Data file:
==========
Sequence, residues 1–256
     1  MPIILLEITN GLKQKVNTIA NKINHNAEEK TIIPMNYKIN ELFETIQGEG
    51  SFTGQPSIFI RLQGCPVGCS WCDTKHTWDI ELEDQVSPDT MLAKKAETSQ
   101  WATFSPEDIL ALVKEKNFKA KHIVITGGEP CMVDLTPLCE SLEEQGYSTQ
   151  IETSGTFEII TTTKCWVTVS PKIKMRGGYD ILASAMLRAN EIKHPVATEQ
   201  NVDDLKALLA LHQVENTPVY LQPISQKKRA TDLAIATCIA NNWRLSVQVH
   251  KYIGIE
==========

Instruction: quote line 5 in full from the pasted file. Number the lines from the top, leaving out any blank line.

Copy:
   151  IETSGTFEII TTTKCWVTVS PKIKMRGGYD ILASAMLRAN EIKHPVATEQ